One of the big gaps in federal energy innovation policy has been the lack of overarching vision or strategy to define how to get where we need to go. When the President’s Council of Advisors on Science and Technology (PCAST) released its major report last fall on accelerating energy technology (PDF), they made the establishment of such a strategy their highest recommendation. The proposal was modeled in part after the Quadrennial Defense Review. Per the Council:
The President should establish a Quadrennial Energy Review (QER) process that will provide a multiyear roadmap that lays out an integrated view of short-, intermediate-, and long-term energy objectives; outlines legislative proposals to Congress; puts forward anticipated Executive actions coordinated across multiple agencies; and identifies resource requirements for the development and implementation of energy technologies.
In PCAST’s vision, this review would begin with DOE, but ultimately come to encompass the entire array of federal energy policy work, inside and outside DOE, by the middle of the decade.In the months since, the Department of Energy has taken up this recommendation and begun to move forward on what is now being called the Quadrennial Technology Review (QTR), in a nice bit of re-framing I applaud. Last month, the agency issued a framing document and a request for information (both available here), with the window to submit commentary closing April 15. Some of the open questions deal with technology mission scope, how to balance international competitiveness and cooperation, and how to approach technology demonstration, which has long been a challenge for federal agencies. They’ve also released a series of (relatively mundane) videos to provide more info. The first is embedded below, with the rest available via the QTR website.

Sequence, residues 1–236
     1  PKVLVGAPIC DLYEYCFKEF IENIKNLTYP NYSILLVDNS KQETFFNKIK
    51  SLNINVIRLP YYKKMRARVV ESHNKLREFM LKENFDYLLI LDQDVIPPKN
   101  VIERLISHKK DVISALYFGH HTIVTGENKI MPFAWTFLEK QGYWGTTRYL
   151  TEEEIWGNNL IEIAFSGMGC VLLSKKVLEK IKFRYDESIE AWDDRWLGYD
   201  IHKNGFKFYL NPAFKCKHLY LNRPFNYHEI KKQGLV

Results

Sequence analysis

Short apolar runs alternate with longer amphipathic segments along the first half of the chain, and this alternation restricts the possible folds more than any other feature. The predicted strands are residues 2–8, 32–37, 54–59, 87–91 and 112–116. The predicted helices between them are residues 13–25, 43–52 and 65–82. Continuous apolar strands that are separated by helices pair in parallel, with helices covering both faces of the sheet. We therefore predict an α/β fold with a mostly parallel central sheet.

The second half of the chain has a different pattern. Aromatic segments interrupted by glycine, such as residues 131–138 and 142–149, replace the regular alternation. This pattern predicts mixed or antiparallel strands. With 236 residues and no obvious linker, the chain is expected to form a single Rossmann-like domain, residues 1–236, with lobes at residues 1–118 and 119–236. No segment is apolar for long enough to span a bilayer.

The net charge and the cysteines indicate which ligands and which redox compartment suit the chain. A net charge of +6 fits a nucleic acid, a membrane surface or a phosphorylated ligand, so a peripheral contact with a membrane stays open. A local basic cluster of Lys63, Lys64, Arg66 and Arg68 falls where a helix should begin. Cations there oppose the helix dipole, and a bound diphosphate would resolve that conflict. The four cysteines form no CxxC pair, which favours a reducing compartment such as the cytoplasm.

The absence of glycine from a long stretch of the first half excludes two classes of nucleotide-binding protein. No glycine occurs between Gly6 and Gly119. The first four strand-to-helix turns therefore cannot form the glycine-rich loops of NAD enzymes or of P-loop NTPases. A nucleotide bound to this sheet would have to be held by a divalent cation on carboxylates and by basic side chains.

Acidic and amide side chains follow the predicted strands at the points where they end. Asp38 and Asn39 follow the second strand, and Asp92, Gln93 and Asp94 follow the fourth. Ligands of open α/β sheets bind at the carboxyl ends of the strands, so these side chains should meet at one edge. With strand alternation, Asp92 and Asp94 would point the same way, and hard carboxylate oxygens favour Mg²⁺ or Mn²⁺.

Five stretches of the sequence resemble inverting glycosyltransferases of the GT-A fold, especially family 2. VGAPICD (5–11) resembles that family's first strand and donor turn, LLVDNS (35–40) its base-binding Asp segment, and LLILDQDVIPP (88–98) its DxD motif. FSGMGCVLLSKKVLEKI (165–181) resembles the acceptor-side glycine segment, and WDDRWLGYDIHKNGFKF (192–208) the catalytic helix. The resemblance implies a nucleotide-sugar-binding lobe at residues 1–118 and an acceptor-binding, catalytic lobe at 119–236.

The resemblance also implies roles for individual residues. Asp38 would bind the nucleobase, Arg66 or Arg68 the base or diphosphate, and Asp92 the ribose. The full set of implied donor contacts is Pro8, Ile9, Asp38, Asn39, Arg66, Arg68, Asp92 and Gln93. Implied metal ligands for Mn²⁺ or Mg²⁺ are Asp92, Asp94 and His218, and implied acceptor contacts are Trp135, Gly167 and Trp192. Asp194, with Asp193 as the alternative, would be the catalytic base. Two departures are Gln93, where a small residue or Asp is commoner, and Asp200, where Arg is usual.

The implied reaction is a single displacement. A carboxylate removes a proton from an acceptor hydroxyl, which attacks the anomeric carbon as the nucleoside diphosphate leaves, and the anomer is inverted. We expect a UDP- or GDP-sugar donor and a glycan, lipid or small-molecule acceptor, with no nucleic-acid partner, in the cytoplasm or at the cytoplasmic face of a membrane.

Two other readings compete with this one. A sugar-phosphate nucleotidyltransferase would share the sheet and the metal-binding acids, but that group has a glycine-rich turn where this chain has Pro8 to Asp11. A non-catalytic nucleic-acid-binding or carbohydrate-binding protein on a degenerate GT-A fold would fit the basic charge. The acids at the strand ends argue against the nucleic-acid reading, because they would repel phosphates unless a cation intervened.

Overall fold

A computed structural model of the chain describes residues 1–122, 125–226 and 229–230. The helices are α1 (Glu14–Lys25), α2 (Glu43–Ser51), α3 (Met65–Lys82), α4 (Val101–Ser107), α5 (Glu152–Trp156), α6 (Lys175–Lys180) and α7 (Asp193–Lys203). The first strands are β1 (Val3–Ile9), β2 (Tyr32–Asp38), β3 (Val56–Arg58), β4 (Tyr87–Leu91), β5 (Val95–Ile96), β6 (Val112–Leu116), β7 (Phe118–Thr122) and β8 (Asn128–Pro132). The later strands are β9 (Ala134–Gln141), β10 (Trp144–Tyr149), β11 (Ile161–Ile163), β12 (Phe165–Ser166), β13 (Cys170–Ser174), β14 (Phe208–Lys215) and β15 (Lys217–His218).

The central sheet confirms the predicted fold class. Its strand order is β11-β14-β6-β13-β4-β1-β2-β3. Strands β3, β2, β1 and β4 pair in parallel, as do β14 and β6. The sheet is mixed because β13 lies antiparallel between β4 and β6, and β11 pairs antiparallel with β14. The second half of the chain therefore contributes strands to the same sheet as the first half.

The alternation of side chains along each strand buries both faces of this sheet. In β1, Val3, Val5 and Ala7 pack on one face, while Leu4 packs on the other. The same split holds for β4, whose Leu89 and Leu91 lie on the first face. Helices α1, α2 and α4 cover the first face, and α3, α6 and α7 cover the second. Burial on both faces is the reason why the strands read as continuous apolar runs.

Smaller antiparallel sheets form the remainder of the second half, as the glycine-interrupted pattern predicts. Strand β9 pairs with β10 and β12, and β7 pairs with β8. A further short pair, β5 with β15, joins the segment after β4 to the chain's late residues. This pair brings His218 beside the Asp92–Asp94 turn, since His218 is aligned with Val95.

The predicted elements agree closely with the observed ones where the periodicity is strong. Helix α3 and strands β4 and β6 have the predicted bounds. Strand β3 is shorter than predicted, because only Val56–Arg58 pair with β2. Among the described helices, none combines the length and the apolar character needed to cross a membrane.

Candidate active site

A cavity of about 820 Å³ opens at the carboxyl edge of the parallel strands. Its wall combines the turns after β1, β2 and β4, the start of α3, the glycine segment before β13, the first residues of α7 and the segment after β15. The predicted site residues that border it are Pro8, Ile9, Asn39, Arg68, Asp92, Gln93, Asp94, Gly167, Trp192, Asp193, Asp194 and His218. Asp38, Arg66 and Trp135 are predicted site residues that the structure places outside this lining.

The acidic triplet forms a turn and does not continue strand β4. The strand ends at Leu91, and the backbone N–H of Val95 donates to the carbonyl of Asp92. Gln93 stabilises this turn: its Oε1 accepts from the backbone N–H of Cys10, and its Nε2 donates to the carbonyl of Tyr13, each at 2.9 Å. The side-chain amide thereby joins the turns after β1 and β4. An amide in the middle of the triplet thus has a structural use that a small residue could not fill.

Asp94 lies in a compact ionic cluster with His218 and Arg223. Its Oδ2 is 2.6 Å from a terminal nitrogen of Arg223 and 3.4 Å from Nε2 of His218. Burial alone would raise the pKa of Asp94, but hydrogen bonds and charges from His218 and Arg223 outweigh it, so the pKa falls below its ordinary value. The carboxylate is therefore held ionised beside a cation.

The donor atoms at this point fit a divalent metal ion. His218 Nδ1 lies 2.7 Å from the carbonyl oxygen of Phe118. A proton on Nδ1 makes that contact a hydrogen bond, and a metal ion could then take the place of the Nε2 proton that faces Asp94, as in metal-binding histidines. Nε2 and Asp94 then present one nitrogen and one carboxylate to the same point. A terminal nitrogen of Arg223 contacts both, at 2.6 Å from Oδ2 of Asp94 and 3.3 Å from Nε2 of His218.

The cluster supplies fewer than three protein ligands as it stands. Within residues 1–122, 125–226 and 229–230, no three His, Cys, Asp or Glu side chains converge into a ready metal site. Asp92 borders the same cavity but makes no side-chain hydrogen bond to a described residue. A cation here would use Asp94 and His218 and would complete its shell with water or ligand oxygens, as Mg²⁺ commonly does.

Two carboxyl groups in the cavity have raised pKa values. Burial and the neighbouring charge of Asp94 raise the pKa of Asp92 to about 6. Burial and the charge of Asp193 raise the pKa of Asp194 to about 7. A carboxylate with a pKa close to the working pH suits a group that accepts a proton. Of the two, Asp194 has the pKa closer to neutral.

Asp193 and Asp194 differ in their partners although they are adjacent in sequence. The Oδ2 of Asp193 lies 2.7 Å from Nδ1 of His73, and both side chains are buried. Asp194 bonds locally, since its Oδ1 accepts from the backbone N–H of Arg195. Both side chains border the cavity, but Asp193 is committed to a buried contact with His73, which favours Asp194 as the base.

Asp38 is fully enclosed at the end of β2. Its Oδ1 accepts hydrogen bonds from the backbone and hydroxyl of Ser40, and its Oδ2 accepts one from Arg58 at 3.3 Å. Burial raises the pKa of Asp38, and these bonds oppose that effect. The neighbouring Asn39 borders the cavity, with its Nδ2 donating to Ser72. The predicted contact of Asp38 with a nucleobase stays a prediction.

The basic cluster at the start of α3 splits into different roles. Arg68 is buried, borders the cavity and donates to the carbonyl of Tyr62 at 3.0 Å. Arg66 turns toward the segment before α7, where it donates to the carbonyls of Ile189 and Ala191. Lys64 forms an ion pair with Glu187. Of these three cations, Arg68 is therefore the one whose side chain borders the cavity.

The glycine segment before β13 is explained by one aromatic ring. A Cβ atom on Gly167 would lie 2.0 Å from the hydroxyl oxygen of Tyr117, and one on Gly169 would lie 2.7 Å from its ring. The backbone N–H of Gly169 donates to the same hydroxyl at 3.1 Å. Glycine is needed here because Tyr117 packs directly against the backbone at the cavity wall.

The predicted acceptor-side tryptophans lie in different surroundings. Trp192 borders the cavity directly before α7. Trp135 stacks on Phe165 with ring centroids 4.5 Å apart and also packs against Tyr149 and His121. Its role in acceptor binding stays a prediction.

Why does all this matter? The national energy policy system is in many ways a mishmash of competing interests, goals, and agencies. Apart from DOE, several other agencies’ work has implications for energy innovation, including EPA, the Department of Defense, Agriculture, Education, and many others, not to mention disparate Congressional oversight authority. There are also competing, regionally diverse energy sources and technologies, each with its own set of private and public actors involved. To quote again PCAST:
“Energy policy” is an amalgam, and often a derivative product, of a wide range of policies directed at the environment, economic competitiveness, national security, taxes, technology, land use, and more.
The result is a suboptimal energy innovation ecosystem – one where policies that impact invention, development, commercialization, and diffusion are often misaligned and uncoordinated, and even in conflict. Getting all of these ducks in a row is important to ensure coherent policy that allows innovation to flourish and drives clean technology. But to do so means treating the entire policy system as a single entity with multiple components, rather than multiple entities with disparate goals and objectives, and ensuring all the pieces fit together – from federal labs, to the rules and management of public-private ventures, to the tax system, to education, to regulatory and transmission policy.
And it also means fully grasping the opportunities and challenges for the whole menu of clean technology options through technology roadmapping. Roadmaps identify barriers and milestones for technology development, and serve as useful guides for further work. The International Energy Agency has done some exceptional work in roadmapping, and the Department of Energy also pursues such efforts internally (see, for example, their roadmaps for algal biofuels and nuclear R&D). An effective national strategy that leads to more coordinated policy would no doubt make these cleantech goals more achievable. We’ll see what comes of these efforts.